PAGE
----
The day before winter break started last year, I left work early and headed to our elementary school. As I approached my son’s kindergarten classroom, I could hear and feel the children’s joyous energy before I reached the door. When I entered the room, I was greeted by dozens of small, excited faces, eager for more holiday fun. My son, grinning from ear to ear, grabbed my hand and proudly introduced me to his friends. His sweet, hardworking – and tired! – teacher was happy to take a seat at the rear of the class and offered me the rocking chair in front.
Since I felt it was important to have representation of our faith during the holiday party, I signed up to speak to the class. This was my moment. I began sharing our holiday with his classmates: Hanukkah. I read a book about Hanukkah, and I lit a menorah while explaining the tradition. With the eight candles aglow, I passed out bags of colorful dreidels (4-sided tops with a different Hebrew letter on each side) and a pouch of golden chocolate coins to each child. This is when I definitely won them over! The kids were thrilled.
But what I’ll never forget was seeing my son teach all of his friends how to play with dreidels and what the Hebrew letters meant. The kids took turns raising their hands to ask my son or me what letter they got and how much chocolate they won. My son took charge and proudly shared this part of his culture with his classmates. I was so grateful for the chance to pass on this tradition! My own mom, Jewish mother extraordinaire, did the same for me, and I can only hope to do as good of a job passing on the pride of our Jewish culture as she did. There are generations of Jews in my family who had survived religious persecution and helped me prepare my son for moments like this in a classroom with his peers. I felt the gravity of the past in this light moment. I hope he never loses that spark and faith.
It’s a spark I have struggled with through the years. It’s hard to feel that I’m not being truthful when people wish me a “Merry Christmas” and I simply respond “thank you” to avoid chitchat, or worse, to avoid making the other person feel uncomfortable. It used to make me feel like an outsider, and admittedly at times – bitter. I don’t understand how saying “happy holidays” diminishes the Christmas spirit – or any other festive feeling, for that matter. Given the variety of spiritual beliefs in our world, I personally wouldn’t presume to know another person’s beliefs by expressing holiday-specific sentiments.
Once I had kids, I felt like I had to speak up for them, and in turn, I became more comfortable standing up for myself. Now, when someone says “Merry Christmas” to me, I respond, “Thank you for your good wishes, but we celebrate Hanukkah. Merry Christmas to you!” I encourage my kids to do the same when others might ask them, “What did you ask Santa Claus for this year?”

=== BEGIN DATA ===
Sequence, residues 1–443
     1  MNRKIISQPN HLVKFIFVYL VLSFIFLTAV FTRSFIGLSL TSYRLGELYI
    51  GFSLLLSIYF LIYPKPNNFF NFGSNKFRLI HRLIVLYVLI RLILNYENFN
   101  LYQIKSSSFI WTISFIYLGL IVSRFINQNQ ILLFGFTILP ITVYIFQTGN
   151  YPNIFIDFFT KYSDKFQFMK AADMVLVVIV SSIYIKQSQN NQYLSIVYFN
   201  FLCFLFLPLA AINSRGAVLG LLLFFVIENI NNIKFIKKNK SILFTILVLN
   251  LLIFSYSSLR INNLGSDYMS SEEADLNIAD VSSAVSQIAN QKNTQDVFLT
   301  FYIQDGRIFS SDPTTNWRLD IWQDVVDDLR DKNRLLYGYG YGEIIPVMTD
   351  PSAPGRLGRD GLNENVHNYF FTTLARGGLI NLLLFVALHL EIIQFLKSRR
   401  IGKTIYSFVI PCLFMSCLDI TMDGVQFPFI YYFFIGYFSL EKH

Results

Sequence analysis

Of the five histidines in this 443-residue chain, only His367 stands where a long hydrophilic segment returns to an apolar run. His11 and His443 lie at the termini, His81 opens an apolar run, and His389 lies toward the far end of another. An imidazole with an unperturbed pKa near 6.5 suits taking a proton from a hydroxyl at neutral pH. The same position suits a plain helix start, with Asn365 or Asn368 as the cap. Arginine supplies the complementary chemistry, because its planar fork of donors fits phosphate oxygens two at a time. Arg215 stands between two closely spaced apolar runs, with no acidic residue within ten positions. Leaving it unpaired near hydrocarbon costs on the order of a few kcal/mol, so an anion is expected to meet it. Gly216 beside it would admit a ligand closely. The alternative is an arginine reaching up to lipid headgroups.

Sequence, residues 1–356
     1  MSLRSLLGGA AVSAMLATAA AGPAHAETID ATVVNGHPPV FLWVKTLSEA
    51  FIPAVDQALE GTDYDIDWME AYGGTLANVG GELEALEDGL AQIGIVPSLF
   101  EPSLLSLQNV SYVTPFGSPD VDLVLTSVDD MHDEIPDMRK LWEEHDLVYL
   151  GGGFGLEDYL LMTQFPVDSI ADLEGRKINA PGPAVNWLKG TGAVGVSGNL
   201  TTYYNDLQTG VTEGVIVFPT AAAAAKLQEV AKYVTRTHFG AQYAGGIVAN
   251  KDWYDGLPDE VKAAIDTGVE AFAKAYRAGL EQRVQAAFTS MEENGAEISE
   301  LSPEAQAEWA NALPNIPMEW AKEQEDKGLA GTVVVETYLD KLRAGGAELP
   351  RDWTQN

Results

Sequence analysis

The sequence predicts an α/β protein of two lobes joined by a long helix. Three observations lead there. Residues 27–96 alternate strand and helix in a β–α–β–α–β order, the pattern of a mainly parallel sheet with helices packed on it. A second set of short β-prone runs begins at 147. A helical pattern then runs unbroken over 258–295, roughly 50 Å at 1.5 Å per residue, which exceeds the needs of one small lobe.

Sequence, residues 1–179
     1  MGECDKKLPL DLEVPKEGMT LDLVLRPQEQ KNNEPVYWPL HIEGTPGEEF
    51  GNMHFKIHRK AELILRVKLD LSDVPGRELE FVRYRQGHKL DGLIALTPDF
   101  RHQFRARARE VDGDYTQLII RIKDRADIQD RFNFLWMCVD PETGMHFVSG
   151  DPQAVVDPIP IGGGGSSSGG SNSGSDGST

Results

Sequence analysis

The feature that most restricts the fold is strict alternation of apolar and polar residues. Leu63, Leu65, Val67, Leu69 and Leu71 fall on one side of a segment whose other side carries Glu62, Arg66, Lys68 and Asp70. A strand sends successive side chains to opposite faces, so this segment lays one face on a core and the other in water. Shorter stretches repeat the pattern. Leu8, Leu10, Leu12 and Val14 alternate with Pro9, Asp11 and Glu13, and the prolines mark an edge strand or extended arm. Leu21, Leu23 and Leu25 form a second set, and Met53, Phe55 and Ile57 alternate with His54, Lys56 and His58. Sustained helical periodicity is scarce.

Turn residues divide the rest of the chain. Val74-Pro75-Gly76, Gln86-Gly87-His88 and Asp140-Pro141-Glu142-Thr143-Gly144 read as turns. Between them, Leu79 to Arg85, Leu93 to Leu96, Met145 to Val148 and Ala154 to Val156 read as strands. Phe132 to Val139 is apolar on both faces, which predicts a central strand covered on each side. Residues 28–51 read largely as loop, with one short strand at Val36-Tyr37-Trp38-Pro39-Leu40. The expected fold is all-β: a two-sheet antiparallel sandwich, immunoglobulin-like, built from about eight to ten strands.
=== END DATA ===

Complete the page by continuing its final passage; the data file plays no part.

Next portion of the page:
To embrace the different ways of celebrating December holidays, I have started throwing a Hanukkah party for my non-Jewish friends and neighbors. At our annual party, the theme is oil. Oil reminds us of the miracle of Hanukkah, when after the temple was destroyed, only enough oil was found to provide light for one day, but a great miracle happened and the oil lasted for eight days. (The real miracle we are celebrating was that the Maccabee army convinced the Greek army, which had destroyed our temple, to allow us the right to celebrate our own religion and customs. Now that’s worth a celebration!) At our family party, we share printouts with the blessings for the candles, as well as an explanation of these verses. The kids play dreidel, and my amazing friend makes enough latkes to feed a real Maccabee army. There’s also the traditional soufganiot, a jelly-filled donut. My heart is so happy to share our Jewish traditions with our neighbors, some of whom had never spun a dreidel before our party! Our family friends now look forward to this celebration of the season, of friends, and of faith.
I’m not the only one who wants to share her family’s culture. I have a dear friend who is Buddhist and celebrates Tet. Her family throws a Lunar New Year party where we get to learn about their culture and traditions – and of course, indulge in tasty delights such as egg rolls, sweet coconut rice, and moon cake. We have also made it a yearly tradition to decorate another friend’s Christmas tree. Together, our Jewish and Christian families listen to Christmas music, snack on candy canes, and bask in the glow of the lights as our friends tell us the histories of their cherished Christmas tree ornaments. Just as we open our home to share our traditions, we appreciate learning about our neighbors’ traditions. These experiences and memories are priceless and truly add to the joy of the holiday season.
Hanukkah is this month, and the excitement is building in my home. Since the summer, my son has been asking me about coming to his first-grade class to talk about Hanukkah. I love his memory of this special time and how it fills him with pride.
With the current climate in our country, it saddens me that our holidays might be divisive or used to spur fear. I’ll never understand why simply acknowledging the value of another family’s holiday might put one’s own holiday in jeopardy. This couldn’t be further from the truth! If my 6-year-old son can relish sharing holidays with his public school classmates, can’t we all? And by doing so, the meaning of the holidays is realized: to share peace, joy, love, family togetherness, and gratitude that we get to live in a place where we can all celebrate our respective holidays safely and proudly!
From my family to yours, I wish you a happy and healthy holiday season. Shalom!